Box line crisis performance risks looking to customers like profiteering
While container lines have done relatively well financially during the COVID-19 pandemic, cargo owners have faced inflated transport costs and lower service quality, with many shippers reporting cargo roll-overs and carriers prioritising higher-paying spot cargo, according to container shipping consultancy and analyst Drewry.
The firm said that container shipping lines are one of the few sectors that can be said to be having a good pandemic, but their positive financial performance risks them appearing to be profiteering from the crisis and may lead to carrier-shipper animosity. Drewry indicated that it did not believe lines have been profiteering but that they needed to do more to develop a better shipper-carrier dialogue in order to prevent possible animosity from building.
It noted that, “perversely, despite a sudden fall off in demand for their services, lines look set this year to make more money than they have in a long time as their crisis-management tactics – essentially blanking voyages – has paid off handsomely. In our latest Container Forecaster report, published at the end of June, Drewry estimates that the industry secured an operating profit (EBIT) of around $1.4 billion and margin of 3.2% in 1Q20, pretty much on par with the same quarter of last year.”
It said that while the first quarter was not a full test of the industry’s COVID-19 coping mechanism as most countries did not enter lockdown until quite late in the period, “all signs point to operating carriers having not only survived the market shock, but even benefitting from it, with spot market rates soaring and a number of previously guarded companies now upgrading quarterly and full-year guidance”.
But the same cannot be said of other stakeholders, Drewry said, highlighting that “cargo owners have had to contend with greatly inflated transportation costs, but lower service quality. Many shippers have been experiencing cargo roll-overs, including some contract BCOs that have told Drewry carriers are prioritising much higher-paying spot cargoes”.
It said that despite significantly reduced bunker costs in the second quarter of 2020 (2Q20), “few shippers saw anything near the full benefit of these reductions as carriers used their market leverage to hold onto bunker surcharges with the threat of rolled cargo”, highlighting that Drewry is involved in an industry initiative to develop a fair, neutral bunker adjustment factor indexing mechanism, alongside the European Shippers’ Council (ESC) and new partner CLECAT, the European forwarders’ association.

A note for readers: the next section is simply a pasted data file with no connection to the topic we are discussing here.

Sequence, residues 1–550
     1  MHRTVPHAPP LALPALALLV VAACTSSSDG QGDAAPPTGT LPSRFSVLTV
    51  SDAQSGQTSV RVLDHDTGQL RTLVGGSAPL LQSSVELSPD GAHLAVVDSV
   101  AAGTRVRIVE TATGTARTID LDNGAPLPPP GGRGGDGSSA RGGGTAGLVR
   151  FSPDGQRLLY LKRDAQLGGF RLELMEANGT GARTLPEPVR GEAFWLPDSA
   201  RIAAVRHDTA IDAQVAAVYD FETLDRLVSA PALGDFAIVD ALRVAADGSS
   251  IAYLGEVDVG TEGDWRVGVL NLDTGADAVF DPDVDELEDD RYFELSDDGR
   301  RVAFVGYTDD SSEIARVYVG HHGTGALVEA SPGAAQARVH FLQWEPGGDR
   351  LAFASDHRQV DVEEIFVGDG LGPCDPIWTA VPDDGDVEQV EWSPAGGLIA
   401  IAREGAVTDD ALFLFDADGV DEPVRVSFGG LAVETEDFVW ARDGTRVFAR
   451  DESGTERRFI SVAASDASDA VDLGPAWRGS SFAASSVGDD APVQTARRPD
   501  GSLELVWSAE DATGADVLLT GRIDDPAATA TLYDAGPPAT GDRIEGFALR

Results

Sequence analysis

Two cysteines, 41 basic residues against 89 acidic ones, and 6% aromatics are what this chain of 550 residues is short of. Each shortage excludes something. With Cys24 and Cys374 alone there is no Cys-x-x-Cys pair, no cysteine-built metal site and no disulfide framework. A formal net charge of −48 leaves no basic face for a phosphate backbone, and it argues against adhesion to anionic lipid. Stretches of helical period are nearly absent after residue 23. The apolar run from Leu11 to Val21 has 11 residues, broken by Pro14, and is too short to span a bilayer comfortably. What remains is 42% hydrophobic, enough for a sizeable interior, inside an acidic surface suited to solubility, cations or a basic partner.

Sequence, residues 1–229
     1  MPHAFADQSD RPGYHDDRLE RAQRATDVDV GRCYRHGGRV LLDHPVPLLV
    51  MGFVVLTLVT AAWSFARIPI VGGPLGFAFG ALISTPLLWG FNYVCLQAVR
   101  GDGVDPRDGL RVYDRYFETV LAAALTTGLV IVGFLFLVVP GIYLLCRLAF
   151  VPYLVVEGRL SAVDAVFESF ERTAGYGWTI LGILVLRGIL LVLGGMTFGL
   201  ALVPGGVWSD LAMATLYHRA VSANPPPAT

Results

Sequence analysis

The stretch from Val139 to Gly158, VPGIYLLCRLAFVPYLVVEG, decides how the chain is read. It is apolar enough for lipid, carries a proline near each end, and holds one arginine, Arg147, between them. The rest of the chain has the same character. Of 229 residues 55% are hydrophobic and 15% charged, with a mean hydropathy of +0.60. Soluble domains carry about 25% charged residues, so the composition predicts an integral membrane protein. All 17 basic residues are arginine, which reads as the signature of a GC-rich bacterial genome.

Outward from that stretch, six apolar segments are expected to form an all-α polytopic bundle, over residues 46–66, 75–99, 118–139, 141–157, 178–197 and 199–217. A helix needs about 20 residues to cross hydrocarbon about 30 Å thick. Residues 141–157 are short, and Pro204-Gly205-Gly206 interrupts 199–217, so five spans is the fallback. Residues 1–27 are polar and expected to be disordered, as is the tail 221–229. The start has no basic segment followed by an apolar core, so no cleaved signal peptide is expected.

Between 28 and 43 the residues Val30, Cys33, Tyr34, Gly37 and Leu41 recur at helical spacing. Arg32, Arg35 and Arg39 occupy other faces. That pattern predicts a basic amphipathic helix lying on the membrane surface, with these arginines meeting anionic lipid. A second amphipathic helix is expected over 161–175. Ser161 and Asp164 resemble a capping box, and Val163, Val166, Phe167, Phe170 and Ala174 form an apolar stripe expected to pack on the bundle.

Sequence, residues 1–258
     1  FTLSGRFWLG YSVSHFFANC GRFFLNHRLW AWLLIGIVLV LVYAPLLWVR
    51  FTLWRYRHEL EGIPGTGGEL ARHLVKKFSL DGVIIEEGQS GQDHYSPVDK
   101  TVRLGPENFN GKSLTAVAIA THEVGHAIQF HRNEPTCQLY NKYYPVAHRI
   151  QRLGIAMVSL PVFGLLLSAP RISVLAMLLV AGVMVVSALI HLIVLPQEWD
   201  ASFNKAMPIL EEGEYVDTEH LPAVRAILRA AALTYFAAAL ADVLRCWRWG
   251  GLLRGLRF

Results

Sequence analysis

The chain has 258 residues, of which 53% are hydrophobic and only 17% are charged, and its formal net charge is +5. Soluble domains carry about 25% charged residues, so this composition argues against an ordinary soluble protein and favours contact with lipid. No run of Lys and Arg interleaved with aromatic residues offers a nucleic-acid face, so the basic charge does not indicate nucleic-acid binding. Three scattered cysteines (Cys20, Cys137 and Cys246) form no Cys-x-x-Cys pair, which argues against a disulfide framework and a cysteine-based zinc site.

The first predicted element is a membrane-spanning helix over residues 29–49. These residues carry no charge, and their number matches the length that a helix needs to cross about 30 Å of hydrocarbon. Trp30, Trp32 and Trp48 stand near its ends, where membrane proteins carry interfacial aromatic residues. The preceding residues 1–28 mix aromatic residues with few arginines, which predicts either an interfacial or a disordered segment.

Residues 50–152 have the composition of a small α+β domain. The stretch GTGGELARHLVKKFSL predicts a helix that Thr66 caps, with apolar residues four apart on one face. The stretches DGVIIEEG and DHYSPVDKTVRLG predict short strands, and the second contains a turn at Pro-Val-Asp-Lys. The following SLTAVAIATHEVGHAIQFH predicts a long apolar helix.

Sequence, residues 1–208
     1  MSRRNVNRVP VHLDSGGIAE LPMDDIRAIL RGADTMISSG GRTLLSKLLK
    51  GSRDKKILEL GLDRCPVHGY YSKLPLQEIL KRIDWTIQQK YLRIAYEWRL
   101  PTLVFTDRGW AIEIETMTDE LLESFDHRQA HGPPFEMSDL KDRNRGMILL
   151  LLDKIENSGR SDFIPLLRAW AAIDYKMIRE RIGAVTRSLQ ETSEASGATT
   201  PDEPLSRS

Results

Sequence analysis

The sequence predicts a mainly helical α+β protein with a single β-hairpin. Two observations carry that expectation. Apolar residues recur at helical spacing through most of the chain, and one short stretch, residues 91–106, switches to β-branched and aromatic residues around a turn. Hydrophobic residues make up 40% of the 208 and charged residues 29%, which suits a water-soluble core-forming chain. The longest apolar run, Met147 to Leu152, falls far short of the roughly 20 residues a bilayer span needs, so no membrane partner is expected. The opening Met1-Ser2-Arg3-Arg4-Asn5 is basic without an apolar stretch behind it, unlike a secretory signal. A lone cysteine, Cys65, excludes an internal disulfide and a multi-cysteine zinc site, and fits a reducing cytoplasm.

“From a public relations perspective, the optics of making big profits during a global crisis are not great,” Drewry noted. “The price will be more animosity and accusations of profiteering.”
Drewry said it was “inclined to give carriers the benefit of the doubt for now”, noting that the highly unpredictable outlook for demand meant that instances of capacity over-suppression in some trades “was always likely”. It said lines are now starting to return capacity to the worst-affected trades such as the eastbound transpacific to accommodate higher-than-expected demand with some previously blanked sailings being put back on to schedules.
“That makes previous capacity over-reductions look more like understandable misjudgements rather than anything more malicious,” Drewry said. “However, we might change our view if capacity continues to be kept significantly below market needs.”
But it said the situation raises interesting questions about the purpose of carriers and the expectations of their customers, adding: “Carriers may be one of the biggest facilitators of world trade, but they are also for-profit commercial entities with shareholders to answer to. So long as they can fulfil their primary role of keeping the global supply-chain in motion, why shouldn’t carriers do everything in their power to maximise profits?
“It is not as if they have a great track-record for making money – shippers have mostly had the upper hand in recent years – and if no profits are being made, investment in the future capacity needed to propel trade around the world will be curtailed.”
Drewry acknowledged that cargo owners also “have to look out for their own interests, so it is unrealistic to expect both parties to sit down with the peace pipe together”. However, it said the two sides would benefit from a good relationship and cooperation, and “the battles of the past have only resulted in a sub-optimal supply-chain, pockmarked by volatile swings in freight rates and draconian capacity management”.
The container shipping consultancy added: “One can but hope that a better shipper-carrier dialogue evolves out of this crisis that might produce more of a happy medium. It will take some effort from both sides.
“Shipping lines could do a better job in terms of giving notice and rationale when making capacity changes, while closer consultation with customers about the likely timing and scale of any future rebound can help to avoid potential bottlenecks. Cargo owners should be aware that carriers need to maintain a minimum level of revenues in all conditions, or else they will be forced to withdraw services.”
Freight rates set to soften
Highlighting its expectations on rates for the second half of 2020 (2H20), Drewry concluded: “Drewry expects freight rates to soften in 2H20 as carriers will cautiously reintroduce capacity to meet any demand recovery, but not at the expense of a large collapse in rates to uneconomic levels.”
Lloyd’s Loading List also reported last week that CLECAT had also entered into a collaborative agreement with container shipping consultancy Drewry to raise awareness among its freight forwarder membership of Drewry’s Forwarder Benchmarking Club, which allows members can compare their ocean freight carrier buy rates against those of their peers.